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An excerpt from www.HouseOfNames.com archives copyright 2000 - 2016


Today's generation of the Whieldon family bears a name that was brought to England by the migration wave that was started by the Norman Conquest of 1066. The Whieldon family lived in Lancashire, at the manor of Wheelton.

Whieldon Early Origins



The surname Whieldon was first found in Lancashire at Wheelton, a village and civil parish of the Borough of Chorley which dates back to c. 1160 when it was listed as Weltona. The place name literally means "farmstead with a water-wheel," from the Old English "hweol" + "tun." [1]CITATION[CLOSE]
Mills, A.D., Dictionary of English Place-Names. Oxford: Oxford University Press, 1991. Print. (ISBN 0-19-869156-4)
The earliste record of the name was fond during the reign of Henry III, or perhaps earlier, where Henry de Quelton granted Sir Adam de Hocton, for the annual rent of one barbed arrow, or four marks, at Michaelmas, all his lands in the town of "Quelton." [2]CITATION[CLOSE]
Lewis, Samuel, A Topographical Dictionary of England. Institute of Historical Research, 1848, Print.

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Whieldon Spelling Variations


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Whieldon Spelling Variations



Before the last few hundred years the English language had no fixed system of spelling rules. For that reason, spelling variations occurred commonly in Anglo Norman surnames. Over the years, many variations of the name Whieldon were recorded, including Whieldon, Wheeldon, Wheelton, Whielton, Weelton, Weeldon, Wieldon, Weildon, Weilton, Wheildon, Whilldon, Whildon, Whilden and many more.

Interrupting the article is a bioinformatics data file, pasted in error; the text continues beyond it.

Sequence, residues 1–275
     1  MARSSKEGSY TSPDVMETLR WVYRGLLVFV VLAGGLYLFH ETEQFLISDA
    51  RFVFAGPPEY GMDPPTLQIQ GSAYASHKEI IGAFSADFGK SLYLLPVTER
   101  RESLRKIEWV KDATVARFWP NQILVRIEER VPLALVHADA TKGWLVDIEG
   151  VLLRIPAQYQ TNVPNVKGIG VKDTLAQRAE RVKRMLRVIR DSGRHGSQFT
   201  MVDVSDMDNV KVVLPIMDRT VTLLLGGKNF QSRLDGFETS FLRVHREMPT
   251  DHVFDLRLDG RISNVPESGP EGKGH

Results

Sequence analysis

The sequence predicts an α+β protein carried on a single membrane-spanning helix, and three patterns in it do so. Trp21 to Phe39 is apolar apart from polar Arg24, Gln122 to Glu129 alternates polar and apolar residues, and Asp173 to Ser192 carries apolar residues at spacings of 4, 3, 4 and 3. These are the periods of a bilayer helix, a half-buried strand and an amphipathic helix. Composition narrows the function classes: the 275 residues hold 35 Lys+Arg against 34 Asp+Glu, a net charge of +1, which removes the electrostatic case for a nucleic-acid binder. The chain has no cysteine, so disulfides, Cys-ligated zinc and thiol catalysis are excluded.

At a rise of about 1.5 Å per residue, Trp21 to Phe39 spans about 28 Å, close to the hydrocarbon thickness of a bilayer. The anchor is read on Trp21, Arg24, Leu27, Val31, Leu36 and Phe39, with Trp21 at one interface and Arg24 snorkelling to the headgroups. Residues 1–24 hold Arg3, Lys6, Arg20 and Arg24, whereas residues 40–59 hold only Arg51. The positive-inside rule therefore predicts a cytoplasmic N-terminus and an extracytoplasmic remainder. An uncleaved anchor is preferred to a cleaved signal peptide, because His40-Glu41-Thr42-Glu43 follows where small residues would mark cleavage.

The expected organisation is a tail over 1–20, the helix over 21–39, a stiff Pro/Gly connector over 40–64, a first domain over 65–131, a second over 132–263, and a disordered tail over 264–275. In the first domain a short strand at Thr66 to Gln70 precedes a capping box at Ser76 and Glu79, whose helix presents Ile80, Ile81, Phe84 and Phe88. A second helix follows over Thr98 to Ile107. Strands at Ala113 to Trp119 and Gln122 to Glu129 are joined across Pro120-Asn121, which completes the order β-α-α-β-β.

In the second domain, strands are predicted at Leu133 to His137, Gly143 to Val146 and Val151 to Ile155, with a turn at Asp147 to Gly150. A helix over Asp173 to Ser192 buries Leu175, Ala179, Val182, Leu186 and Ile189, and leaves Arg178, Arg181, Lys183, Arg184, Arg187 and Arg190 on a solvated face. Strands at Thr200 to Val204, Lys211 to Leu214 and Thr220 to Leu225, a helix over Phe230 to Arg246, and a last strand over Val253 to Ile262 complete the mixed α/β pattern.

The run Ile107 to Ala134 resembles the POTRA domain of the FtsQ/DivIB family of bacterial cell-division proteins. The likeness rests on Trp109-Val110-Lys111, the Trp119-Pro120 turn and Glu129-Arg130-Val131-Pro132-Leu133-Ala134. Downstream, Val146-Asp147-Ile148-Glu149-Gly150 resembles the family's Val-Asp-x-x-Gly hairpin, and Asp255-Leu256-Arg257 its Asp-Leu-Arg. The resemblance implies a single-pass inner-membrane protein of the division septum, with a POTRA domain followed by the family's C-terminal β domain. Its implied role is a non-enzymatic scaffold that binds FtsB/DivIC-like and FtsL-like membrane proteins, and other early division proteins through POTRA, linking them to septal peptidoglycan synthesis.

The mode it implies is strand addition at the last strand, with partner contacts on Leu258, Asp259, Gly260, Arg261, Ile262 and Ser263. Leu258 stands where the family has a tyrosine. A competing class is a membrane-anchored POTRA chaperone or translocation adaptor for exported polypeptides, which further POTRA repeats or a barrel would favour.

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Whieldon Early History


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Whieldon Early History



This web page shows only a small excerpt of our Whieldon research. Another 229 words (16 lines of text) covering the years 1787 and 1839 are included under the topic Early Whieldon History in all our PDF Extended History products and printed products wherever possible.

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Whieldon Early Notables (pre 1700)


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Whieldon Early Notables (pre 1700)



More information is included under the topic Early Whieldon Notables in all our PDF Extended History products and printed products wherever possible.

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The Great Migration


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The Great Migration



The unstable environment in England at this time caused numerous families to board ships and leave in search of opportunity and freedom from persecution abroad in places like Ireland, Australia, and particularly the New World. The voyage was extremely difficult, however, and only taken at great expense. The cramped conditions and unsanitary nature of the vessels caused many to arrive diseased and starving, not to mention destitute from the enormous cost. Still opportunity in the emerging nations of Canada and the United States was far greater than at home and many went on to make important contributions to the cultures of their adopted countries. An examination of many early immigration records reveals that people bearing the name Whieldon arrived in North America very early: